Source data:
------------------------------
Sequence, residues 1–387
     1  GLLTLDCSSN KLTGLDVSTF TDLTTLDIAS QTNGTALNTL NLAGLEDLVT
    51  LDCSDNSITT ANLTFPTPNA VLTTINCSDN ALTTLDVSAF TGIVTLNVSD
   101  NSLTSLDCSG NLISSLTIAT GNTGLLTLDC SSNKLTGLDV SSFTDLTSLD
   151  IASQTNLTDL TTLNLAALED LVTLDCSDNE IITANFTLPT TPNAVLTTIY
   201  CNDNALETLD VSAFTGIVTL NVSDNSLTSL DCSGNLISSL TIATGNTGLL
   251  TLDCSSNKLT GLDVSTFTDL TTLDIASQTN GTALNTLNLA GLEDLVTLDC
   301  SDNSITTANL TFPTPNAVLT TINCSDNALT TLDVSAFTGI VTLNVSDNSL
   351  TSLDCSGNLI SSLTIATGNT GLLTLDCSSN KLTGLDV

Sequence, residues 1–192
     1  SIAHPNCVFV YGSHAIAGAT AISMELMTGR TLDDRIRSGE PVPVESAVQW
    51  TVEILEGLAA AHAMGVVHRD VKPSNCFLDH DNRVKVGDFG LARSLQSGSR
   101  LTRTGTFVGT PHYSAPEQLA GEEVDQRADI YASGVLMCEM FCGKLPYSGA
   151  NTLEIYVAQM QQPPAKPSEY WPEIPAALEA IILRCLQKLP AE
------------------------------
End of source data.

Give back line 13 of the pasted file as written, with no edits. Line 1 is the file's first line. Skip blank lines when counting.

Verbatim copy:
   101  LTRTGTFVGT PHYSAPEQLA GEEVDQRADI YASGVLMCEM FCGKLPYSGA